Unlike for humans, there are brain transplants for cars.
Car brain damage? It happens.
The first sign that something wasn’t right was when my Land Rover Freelander wouldn’t start. The key turned but there was silence. Was it paranoia or was there a burning smell in the cabin? Maybe it was from outside? Whatever it was, the car was not going anywhere on its own.
A tow-truck ride later, the workshop came back with the diagnosis: the ECU was burnt. How did it happen? No idea. How much would it cost to repair? And how long would it take? The answers were heart-sinking: the last time, they’d sent it to the UK. Then came the worst part, only after it got to the UK would they be able to find out if it was repairable and the cost. So the ECU could go all the way to the UK for nothing? Yes.
OK, what about replacing it? How much would it cost to buy one new or used? No idea.
Anyone in Malaysia who does it? Don’t know
Also, getting another ECU was not as simple as finding one. One had to get the right ECU or there would be compatibility issues that could mean different keys for the ignition and the doors, certain features like the immobiliser not operating correctly or an otherwise functioning ECU that just wouldn’t work. How did one ensure it was the absolutely correct ECU? Didn’t know except it wasn’t just down to buying the ECU for a Land Rover Freelander TD4 – there were specific numbers involved. Confused? I was.
At a loss, I decided to phone a friend but they didn’t know anything about ECUs.
With so many half-formed questions swirling around in my skull that I was no longer able to articulate a complete sentence, I decided to take the ECU, go home to think about the next steps to take. The sharp, dry smell emanating from the ECU was alarming but I was reassured that it was perfectly safe to handle.
Once the brain smog had cleared, the plan was simple: see if it was repairable and if not, look for one. Where I’d find one, I had no idea but I’d cross that bridge when all avenues to fix the ECU had been exhausted.
I placed my faith in Google and began to look for ECU repairers. There surely had to be ECU repairers in Malaysia. Playing it safe, I also contacted a few in the UK with photos but they had the same response, they couldn’t tell until they’d examined the ECU. The second person in Malaysia I called, Steven in Shah Alam, was able to see me the following day.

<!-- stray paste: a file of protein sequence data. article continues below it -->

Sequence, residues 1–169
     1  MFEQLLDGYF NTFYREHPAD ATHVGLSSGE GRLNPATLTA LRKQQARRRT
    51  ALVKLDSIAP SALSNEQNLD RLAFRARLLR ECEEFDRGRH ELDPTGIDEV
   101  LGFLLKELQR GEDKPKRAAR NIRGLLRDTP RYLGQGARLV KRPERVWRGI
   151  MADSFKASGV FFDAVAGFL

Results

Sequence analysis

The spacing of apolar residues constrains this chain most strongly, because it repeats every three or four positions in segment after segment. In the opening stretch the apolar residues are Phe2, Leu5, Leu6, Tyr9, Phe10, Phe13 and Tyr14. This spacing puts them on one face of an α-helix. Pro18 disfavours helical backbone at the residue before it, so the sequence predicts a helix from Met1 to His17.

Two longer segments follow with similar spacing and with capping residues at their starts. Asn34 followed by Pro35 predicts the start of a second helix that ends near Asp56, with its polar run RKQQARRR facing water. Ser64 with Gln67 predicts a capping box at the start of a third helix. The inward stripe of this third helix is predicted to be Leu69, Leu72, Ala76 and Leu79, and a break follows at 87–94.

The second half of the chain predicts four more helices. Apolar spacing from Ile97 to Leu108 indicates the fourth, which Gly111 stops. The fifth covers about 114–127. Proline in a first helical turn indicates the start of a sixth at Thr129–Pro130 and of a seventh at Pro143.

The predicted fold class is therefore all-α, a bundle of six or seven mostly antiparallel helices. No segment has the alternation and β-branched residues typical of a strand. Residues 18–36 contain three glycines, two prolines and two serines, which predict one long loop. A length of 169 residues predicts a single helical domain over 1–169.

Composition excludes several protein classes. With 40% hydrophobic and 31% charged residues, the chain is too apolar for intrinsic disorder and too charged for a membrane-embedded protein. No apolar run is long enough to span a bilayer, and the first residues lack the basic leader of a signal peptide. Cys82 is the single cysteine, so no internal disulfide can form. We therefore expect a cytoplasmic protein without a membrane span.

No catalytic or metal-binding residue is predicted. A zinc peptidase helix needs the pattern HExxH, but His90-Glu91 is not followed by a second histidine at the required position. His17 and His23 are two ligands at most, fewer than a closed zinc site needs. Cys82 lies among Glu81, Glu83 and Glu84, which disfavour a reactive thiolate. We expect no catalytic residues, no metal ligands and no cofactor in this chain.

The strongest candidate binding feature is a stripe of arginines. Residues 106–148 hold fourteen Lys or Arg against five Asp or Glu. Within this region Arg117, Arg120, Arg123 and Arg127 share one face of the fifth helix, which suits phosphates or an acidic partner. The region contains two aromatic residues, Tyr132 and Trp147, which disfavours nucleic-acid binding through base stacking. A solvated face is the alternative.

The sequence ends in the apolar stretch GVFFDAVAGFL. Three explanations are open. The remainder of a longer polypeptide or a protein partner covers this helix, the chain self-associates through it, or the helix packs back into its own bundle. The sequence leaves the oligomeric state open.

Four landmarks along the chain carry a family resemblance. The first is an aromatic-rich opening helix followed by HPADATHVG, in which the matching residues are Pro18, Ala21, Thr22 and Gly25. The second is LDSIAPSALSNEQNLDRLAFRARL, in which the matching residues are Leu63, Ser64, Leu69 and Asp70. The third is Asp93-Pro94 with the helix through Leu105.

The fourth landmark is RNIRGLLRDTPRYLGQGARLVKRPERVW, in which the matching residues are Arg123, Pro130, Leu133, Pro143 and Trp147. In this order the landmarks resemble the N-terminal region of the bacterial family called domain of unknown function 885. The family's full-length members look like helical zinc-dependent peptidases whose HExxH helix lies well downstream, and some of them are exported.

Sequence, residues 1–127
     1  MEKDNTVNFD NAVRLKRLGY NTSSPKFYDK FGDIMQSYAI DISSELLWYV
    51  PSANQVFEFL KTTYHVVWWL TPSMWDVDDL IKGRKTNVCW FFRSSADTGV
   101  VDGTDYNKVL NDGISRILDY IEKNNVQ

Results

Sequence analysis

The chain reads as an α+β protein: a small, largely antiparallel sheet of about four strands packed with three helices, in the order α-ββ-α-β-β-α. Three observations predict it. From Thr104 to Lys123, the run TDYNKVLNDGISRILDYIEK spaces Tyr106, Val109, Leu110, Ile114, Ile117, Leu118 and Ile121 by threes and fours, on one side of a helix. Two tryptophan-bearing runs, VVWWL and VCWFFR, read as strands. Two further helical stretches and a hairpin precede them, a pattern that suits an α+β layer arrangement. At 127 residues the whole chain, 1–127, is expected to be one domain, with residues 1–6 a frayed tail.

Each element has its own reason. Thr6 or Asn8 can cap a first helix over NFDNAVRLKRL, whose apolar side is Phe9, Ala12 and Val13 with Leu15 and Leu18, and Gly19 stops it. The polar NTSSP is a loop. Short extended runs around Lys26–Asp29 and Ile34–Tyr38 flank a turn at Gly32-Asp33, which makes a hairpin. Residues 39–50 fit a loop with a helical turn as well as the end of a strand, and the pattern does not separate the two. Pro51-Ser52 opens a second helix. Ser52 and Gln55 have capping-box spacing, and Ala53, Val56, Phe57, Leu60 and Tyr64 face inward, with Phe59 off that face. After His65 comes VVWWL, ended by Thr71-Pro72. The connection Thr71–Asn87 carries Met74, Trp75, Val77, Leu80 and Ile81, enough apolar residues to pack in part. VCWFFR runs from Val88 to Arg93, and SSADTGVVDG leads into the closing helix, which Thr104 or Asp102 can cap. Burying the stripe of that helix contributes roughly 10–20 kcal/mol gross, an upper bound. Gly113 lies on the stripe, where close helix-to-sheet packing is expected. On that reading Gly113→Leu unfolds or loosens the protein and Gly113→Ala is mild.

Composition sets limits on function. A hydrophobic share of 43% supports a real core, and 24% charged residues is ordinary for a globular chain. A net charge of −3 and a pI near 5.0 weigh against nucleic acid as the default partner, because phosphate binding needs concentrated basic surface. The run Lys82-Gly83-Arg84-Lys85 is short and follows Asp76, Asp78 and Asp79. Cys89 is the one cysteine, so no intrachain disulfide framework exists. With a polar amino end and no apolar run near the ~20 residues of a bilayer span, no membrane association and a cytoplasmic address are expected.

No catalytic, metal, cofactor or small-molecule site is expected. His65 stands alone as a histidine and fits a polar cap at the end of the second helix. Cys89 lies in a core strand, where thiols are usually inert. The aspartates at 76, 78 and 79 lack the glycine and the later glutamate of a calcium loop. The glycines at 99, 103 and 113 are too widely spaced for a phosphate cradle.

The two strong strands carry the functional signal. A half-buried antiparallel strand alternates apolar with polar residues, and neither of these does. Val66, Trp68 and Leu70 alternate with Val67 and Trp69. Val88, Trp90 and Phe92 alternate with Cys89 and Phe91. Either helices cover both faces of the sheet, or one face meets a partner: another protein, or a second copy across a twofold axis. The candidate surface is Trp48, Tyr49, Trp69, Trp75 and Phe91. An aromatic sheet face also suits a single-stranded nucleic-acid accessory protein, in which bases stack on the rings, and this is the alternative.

The verdict was simple: it was dead. One of the capacitors had leaked and the acid had eaten its way through several layers of the circuit board. There was even a burn mark on the metal casing. There was no option but to replace the ECU. I was at the dreaded bridge: how to buy the right ECU that would work with my car? Would I find one in Malaysia?
One of the UK companies had an option where if they couldn’t fix your ECU, they’d transfer the data to a new one so new/separate keys would not be required. But that would mean sending the ECU to the UK and a lot of back and forths if the replacement ECU didn’t work. Courier costs? Unmentionable. Meantime I would remain car-less.
Steven said he’d look around for an ECU for me but he didn’t hold out much hope of finding one. Even though it was a Bosch ECU for a BMW diesel engine (from BMW’s very brief ownership of Land Rover), the engine was an earlier generation from the ones installed in the 320d model sold here. He did however show me how to determine if the ECU was the right one for my car, circling the key numbers on the ECU casing that I had to look for, with the tip to look online, in particular, eBay UK.
A week later, the new (used) ECU was on the way. I’d found it on eBay UK for RM230 (£44) including shipping. It had been an incredibly fortunate find – other sellers were asking £40 for theirs with another £20 for shipping. I only hoped it would work when it arrived. If it didn’t, I would have to crawl under a lot of sofas to find RM3500 for a unit I had been offered here in Malaysia.
Once the ECU arrived, I had to find someone to do some sort of tech-wizardry to get the replacement ECU to work. Apparently, it wasn’t just a case of plugging in the new unit because there was coding specific to my car and that had to be matched. Steven couldn’t help me there. Another round on Google found me Mr Ricky of Auto ECU who was very confident of being able to get the ECU to work seamlessly, “‘plug-and-play, don’t worry, just bring the two ECUs over, we can do it,'” he said.
Mr Ricky smiled a lot, which was oddly not reassuring. He handed the units to one of his technicians with instructions then vanished. The technician checked the new unit worked then opened up both units. Another quick examination then a heat gun was fired up and two chips in the old unit and two chips in the new unit were un-soldered out. The chips from the old units were transferred into the replacement unit and soldered securely into place. The “fixed” ECU was then hooked up to a computer that ran a programme to ensure everything that was supposed to be lit up was lighting up on the screen.
Three hours later, my wallet RM800 lighter, the replacement ECU was on its way to the workshop. The connectors were plugged into their respective sockets, the key in the ignition was turned, my Freelander sprang back to life and everything worked as before. Plug-and-play, as Mr Ricky promised.